Coinciding with the opening of George Morl: Precious Boys at the Beecroft Art Gallery we have commissioned artist George Morl to write a series of blog posts about his work. Across #pride week in Southend we will be sharing his posts. Morl’s writings confront sexuality, gender identity and the search for affection, all themes and experiences that have shaped him as an artist.
His writings provide an essential companion to the exhibition and examine in depth the influences behind ‘Precious Boys’. In his first post he describes the processes that have shaped his artistic practice and development into an ‘Orange Boy’.
George Morl: Precious Boys is on show at the Beecroft Art Gallery until the 8th of September 2018.
George Morl ‘Orange Boy’ © George Morl & Emily Jayne Boyd 2018
Affection has always been a central theme within my artistic practice, I suppose this is because I have a neurological condition and as part of this I find intimacy and physical contact extremely difficult. Whilst I was a student I received psychotherapy which enabled me to understand the reasons for why I approach situations in certain ways. As a child my mother dressed me and my siblings in brightly coloured clothes so that we could be seen amongst a crowd. When I was a teenager following on from family bereavement I was experiencing depression, though at the time I was not aware that I was. Boys are not educated to recognise their own emotions. At this point I can remember looking back at photographs of me in orange, which was often when I was smiling. So to me orange seemed like an obvious option to deal with an alternative and manageable means of expressing this emotion. This was where my obsession with orange began. My persona Edvardo Shadalow developed from there.
Constructing a persona is directly linked to my sexuality. Whilst I became aware of my sexuality this also came about with being victim of violence which resulted in me developing a phobia of men. This fear was coupled with the prospect of adolescence therefore to counteract this I manipulated my body image from starving to decrease my muscle growth to constructing an image through clothes. By avoiding thoughts about adolescence it seems to me that I am relinquishing the responsibilities of becoming a man including sexual. I am compelled to dress as a young boy because at once I am seeking a woman’s attention to protect me from men, and also to attract older men. It also serves a purpose at confronting my anxiety, in which dressing publicly as a boy I know why individuals are gazing at me. I can control where and why someone is observing me, in doing so it alleviates the anxiety I would experience in a socially engaged environment or space. Ultimately the ‘Orange Boy’ found solution to neutralise trauma.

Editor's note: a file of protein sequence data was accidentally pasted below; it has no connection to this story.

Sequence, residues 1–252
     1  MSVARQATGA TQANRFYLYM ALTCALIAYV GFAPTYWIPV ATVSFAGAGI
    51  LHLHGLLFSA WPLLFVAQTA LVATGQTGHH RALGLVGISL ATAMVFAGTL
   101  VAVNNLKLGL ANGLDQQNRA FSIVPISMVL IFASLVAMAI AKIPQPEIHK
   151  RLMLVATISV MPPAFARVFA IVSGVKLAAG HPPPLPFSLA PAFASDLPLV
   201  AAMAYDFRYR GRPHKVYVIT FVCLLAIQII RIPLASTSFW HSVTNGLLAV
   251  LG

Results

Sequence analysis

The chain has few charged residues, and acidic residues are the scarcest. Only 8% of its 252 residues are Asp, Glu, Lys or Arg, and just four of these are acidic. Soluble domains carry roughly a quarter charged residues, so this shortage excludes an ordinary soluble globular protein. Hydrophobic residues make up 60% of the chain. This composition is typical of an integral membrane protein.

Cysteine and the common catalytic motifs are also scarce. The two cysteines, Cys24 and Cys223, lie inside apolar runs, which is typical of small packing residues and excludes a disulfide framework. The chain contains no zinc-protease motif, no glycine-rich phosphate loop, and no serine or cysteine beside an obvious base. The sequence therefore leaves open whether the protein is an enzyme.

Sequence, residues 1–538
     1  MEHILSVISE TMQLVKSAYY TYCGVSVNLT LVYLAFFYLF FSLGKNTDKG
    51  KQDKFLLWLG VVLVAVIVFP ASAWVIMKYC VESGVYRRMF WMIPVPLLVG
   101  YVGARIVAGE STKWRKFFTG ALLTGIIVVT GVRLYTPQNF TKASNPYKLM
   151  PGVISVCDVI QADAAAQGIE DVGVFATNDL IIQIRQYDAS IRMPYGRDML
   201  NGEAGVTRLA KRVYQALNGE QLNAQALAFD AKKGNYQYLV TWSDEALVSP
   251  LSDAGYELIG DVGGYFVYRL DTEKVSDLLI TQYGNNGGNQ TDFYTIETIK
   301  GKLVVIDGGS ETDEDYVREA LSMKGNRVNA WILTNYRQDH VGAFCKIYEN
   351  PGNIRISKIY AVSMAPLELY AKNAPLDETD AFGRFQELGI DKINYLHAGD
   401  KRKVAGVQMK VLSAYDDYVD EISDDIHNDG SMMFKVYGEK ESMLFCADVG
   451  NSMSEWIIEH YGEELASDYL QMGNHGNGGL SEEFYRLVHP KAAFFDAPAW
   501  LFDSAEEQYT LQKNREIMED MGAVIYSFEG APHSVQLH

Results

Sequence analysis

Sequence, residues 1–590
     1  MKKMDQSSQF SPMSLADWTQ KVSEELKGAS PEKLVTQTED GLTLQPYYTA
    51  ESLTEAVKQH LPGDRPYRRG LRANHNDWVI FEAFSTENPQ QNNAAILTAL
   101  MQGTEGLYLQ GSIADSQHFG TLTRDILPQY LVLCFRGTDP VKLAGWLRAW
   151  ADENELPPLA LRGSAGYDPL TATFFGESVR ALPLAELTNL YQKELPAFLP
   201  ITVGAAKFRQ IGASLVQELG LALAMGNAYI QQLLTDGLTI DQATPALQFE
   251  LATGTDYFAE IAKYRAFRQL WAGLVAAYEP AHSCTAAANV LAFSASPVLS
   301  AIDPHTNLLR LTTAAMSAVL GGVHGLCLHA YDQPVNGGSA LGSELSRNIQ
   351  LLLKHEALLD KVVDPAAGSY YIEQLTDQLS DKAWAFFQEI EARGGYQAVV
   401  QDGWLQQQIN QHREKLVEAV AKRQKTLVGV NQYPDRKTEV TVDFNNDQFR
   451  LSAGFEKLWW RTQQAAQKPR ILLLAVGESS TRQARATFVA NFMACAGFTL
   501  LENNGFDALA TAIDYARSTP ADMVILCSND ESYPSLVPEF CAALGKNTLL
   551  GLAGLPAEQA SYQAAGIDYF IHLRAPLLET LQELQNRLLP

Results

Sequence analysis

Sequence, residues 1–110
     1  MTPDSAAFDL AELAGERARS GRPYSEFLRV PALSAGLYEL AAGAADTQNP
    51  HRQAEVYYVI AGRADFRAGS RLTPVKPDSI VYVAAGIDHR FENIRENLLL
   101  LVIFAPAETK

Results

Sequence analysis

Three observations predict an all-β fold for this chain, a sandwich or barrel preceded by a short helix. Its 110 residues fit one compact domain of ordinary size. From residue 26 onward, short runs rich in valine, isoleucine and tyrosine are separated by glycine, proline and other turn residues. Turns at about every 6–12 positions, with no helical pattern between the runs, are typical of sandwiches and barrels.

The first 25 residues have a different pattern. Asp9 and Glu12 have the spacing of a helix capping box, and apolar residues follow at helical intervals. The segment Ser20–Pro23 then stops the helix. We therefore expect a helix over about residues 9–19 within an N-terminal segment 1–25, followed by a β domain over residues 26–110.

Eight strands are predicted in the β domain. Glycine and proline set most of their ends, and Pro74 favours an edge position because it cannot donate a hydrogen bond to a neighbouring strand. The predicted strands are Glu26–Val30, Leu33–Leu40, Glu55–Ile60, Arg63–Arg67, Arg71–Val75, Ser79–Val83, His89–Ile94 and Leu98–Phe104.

BASILDON BOYS#2 Homage to John Mitchum
This land of broken promises … where gamins dreaming of being soadgers still, of no maternal cherishes: Ask why I’ve not left her?… Have they seen an orche flume wheat summer haze, stood amongst, embraced, the touch thermal catatonic babes? Have they cruised down boulevard concrete lanes, or rode through fuschia plumes drifting across abandoned days?
This thwarted nursery … where ethanolic preaching tribal juveniles parade astute: Do you pity their domestic armours or silver allures and crystal shut knives, Or applaud as the midnight blue guardian’s brigade arrive? Does the call for salvation make you tremble as you feel their fear? Do you look with compassion as abdomens rupture bloom near?
This plain of infantile waste … where monetary misery floods the reveries of tar fractured liquored plateaus: Have they sensed the hyped hash infused plashets, Or felt the presence of corpses fear pass their way? Do they pray for their loves as we rush to their crimson seas, or do we dream under the dawn starling choirs in our struggles to be free? Where once men once boys braved a landscape decayed and divine, so do you think of them as they have their future denied?
This faux marble paradise … where mothers weep for once lonesome cherubs but graveyards stones and jewels. Does the word affection mean but none to you? Does his image make you warm? Do you shed tears when you see the metallic gleams of shrines upon horizons new?
Ask me why I’ve not left her? She always had time for me – But what life is this, a careless, yet passioned reckless wild youth. I’ve sensed what bared, versed in loss, now seek truest tenders fair.
This is the formidable loss in the realm of the newtown blues – the Basildon Boys, how now, they perform for you.
Poem Extracts: George Morl, Pubescent Plumes, 2018
Read more blog posts from George Morl: